Queens activist, educator, and rapper Regi Angelou makes a powerful statement with her intimate and timely “We, the People.”
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Stream: “We, the People” – Regi Angelou
There is a certain urgency that has been lost since the summer protests following the barbaric murder of George Floyd. Once the fall months hit, people generally returned to their lives filled with memes, TikTok dances, quarantine shenanigans and ridiculous Twitter arguments. While this was all happening, the underrepresented populations in this country continued-and still continue-to face unjust treatment.
It has been reported that 181 Black people have still been killed by police since Floyd’s death in May. Black people make up for 18.7 percent of police killings since that fateful May 25 day, despite only accounting for 13 percent of the U.S. population. On top of that, Asian Americans have faced unwarranted violence countless times since COVID-19 creeped into the U.S, culminating in a racist mass shooting at three spas in Atlanta. Life is still hellish for these communities.
With these issues in mind, Regi Angelou attempts to erase common complacency amongst the masses. Now is not the time to stop the fight, and Angelou’s urgency shows that on her late-2020 song “We, The People.” The Queens-based MC is an activist, educator, and rapper who shows an undying passion for her community; as evidenced by her “Welcome to Far Rockaway” video, which was a mini-documentary that highlighted the culture and important landmarks throughout the areas in which she grew up in.
Angelou puts her universal sentiments bluntly on “We, the People.” The stark drums and rippling keys offer a spacious foundation for the artist and educator to speak with deft insistence and assured objection.
Feeling like fuck a community if you don’t own it
Challenge who really control it
Land of the free but they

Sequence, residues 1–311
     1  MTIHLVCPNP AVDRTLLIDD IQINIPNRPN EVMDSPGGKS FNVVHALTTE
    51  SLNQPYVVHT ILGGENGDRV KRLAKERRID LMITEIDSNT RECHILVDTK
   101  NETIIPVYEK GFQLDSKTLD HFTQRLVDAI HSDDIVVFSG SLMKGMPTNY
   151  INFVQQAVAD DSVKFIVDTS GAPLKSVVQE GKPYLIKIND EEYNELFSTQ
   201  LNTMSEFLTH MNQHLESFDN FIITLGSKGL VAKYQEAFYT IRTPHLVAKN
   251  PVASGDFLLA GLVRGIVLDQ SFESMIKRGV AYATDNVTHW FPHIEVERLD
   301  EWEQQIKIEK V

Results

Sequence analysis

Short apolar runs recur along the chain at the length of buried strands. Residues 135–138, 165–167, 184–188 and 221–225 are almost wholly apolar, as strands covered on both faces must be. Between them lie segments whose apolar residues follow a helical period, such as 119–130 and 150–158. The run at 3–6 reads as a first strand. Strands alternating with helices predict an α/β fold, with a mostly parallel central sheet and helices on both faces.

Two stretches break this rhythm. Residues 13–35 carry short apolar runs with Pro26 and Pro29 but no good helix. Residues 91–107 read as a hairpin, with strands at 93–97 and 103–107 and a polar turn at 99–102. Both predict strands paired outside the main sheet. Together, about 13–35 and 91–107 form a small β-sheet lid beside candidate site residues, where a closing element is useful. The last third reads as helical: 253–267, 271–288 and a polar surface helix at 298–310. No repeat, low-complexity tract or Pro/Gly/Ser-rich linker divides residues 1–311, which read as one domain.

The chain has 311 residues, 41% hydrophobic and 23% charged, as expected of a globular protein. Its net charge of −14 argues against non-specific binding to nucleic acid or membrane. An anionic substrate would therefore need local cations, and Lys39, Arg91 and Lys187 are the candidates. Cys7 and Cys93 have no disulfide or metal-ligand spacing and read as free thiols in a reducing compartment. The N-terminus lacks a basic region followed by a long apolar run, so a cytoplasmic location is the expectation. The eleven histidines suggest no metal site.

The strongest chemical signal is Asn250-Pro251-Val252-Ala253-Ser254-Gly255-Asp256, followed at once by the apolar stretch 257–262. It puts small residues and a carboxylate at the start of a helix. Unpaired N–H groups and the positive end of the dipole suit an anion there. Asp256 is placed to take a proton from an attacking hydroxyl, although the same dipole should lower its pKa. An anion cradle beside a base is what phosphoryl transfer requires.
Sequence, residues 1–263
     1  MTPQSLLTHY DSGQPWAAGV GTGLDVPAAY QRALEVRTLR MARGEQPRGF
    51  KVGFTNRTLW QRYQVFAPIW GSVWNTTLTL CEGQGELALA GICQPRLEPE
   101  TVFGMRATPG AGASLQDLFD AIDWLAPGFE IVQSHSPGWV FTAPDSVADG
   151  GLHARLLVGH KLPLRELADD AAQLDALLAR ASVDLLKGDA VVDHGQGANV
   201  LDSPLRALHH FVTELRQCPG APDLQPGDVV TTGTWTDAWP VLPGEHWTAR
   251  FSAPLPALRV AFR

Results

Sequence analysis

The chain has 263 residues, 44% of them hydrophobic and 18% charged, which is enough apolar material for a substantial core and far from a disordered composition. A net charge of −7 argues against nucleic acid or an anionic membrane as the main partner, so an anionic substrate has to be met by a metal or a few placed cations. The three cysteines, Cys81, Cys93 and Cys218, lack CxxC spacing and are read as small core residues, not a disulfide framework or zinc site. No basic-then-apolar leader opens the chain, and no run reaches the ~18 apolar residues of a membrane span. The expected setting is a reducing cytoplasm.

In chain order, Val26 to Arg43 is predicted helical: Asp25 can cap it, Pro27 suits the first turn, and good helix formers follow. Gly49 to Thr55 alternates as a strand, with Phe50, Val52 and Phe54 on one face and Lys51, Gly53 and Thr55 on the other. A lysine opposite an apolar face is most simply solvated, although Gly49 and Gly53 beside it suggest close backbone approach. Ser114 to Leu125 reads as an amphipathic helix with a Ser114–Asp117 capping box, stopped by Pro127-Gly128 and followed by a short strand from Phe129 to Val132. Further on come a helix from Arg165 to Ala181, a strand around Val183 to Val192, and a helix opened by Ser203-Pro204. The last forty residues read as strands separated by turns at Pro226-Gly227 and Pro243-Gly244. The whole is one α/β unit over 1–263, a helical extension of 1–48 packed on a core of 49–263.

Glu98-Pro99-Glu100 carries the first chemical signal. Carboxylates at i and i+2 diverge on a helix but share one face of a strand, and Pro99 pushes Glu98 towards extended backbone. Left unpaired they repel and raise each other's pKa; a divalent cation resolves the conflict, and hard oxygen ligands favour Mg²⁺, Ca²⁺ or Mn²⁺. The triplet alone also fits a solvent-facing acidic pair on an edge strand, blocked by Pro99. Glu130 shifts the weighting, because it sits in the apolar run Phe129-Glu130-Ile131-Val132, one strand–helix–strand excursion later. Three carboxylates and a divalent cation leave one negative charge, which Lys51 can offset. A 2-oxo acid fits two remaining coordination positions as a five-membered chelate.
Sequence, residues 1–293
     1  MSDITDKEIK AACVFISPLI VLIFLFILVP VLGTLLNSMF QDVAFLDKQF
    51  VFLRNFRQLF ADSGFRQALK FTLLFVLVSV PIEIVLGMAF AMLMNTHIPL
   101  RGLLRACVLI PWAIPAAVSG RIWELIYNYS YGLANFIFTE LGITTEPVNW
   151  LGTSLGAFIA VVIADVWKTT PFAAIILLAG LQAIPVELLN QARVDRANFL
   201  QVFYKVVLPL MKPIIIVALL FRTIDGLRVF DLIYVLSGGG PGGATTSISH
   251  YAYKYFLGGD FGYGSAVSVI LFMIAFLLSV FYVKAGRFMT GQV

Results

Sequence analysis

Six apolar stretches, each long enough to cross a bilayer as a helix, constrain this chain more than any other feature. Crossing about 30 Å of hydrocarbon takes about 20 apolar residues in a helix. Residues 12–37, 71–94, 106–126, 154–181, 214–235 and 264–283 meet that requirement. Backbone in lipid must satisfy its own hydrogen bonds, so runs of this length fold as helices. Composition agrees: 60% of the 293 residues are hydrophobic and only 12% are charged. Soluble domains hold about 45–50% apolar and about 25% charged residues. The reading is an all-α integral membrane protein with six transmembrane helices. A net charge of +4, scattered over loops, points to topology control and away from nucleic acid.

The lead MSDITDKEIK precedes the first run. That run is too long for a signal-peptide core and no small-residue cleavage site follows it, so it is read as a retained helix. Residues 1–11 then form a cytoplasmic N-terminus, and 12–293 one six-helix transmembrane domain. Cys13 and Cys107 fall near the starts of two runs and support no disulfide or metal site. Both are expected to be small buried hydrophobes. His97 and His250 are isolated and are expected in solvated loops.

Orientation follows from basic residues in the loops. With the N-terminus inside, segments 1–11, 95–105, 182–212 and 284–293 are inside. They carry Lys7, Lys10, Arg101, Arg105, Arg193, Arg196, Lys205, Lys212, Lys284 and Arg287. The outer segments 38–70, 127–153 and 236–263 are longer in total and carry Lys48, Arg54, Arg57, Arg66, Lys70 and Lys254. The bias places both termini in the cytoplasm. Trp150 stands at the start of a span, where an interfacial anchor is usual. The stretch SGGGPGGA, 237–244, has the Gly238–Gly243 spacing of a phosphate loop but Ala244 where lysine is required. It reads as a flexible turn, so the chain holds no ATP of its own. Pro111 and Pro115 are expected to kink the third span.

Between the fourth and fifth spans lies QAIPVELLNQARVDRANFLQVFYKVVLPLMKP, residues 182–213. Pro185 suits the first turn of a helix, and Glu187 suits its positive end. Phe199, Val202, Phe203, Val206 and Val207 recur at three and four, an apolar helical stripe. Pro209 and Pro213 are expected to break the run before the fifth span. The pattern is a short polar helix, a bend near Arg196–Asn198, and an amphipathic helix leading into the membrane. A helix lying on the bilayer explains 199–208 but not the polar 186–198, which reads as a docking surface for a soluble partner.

still won’t admit that it’s stolen
Nigga, stay focused
Throughout the track, Angelou presents an exceptional amount of pride while decrying and exposing the tired systemic narratives that continue to shut out underrepresented groups from proper healthcare, cultural agency, fair treatment, and a good life in general.
Angelou describes “We, The People” as a thoughtful journal entry that is both intimate and current.
“When I say ‘all these black bodies embody the movement,’ I reference the life and death of people that became unexpected martyrs,” Angelou tells Atwood Magazine. “It’s a shame we have to die to trigger people’s will to take action.”
Her thoughts remain distressingly timeless, especially as people like House Speaker Nancy Pelosi paint George Floyd as some kind of superhero figure that sacrificed his life for the betterment of our community after Derek Chauvin was finally charged for three counts of murder. As evidenced by Knock LA writer Cerise Castle, the reporter who chronicled the last 50 years of gangs within the Los Angeles County Sheriff’s Department, the fight against the system will, and should, live on.
“If we ain’t talking about what’s going, then what are we talking about?” says Angelou. “Writing this record was from free thought. I did not know how the song would be structured. After dwelling on the beat and attending a number of protests, I realized exactly what it is that I needed to say. I did not approach it as making a poppin’ record, but I approached it like a journal entry. The tone was deep and thoughtful and I felt it was important to convey that in my lyrics. I wanted to be intimate, but I wanted to be current.”
“I also felt I created the chorus not to be easily digestible; ‘we gon f*** sh*t up til there ain’t no mo, because it’s been too long on the status quo, the revolution still alive.’ My intention of putting this song out was to remind people we have to be deliberate in our respect for other people or we should expect anger as a response to injustice moving forward.”
Black folk’ producing that life you’re consuming.
Give us the loot for the shit we influence
Or we just gon have to take Action
Now we got traction
Angelou’s words carry colossal weight, and rightfully so. The song isn’t just about continuing this never-ending fight. It’s also about reclaiming a culture that has been exploited by the capitalistic washing machine. The music video, which shows stern-faced protestors and Angelou propped in an important leadership role, reflects the artist’s fight for reclamation and a brighter future. The chorus is a forthright chant that summarizes how Black people have felt about the system for years, and how technological advancements have allowed the revolution to be televised.
Altogether, the song is a noticeably powerful statement with very little subtly, which is great considering people’s false sense of comfort. Normal life will inevitably resume, but so will a hopeful resistance against centuries of systemic racism. The discussion must continue well after the Chauvin trial because, as Angelou said, “If we ain’t talking about what’s going on, then what are we talking about?”
Stream: “We, the People” – Regi Angelou
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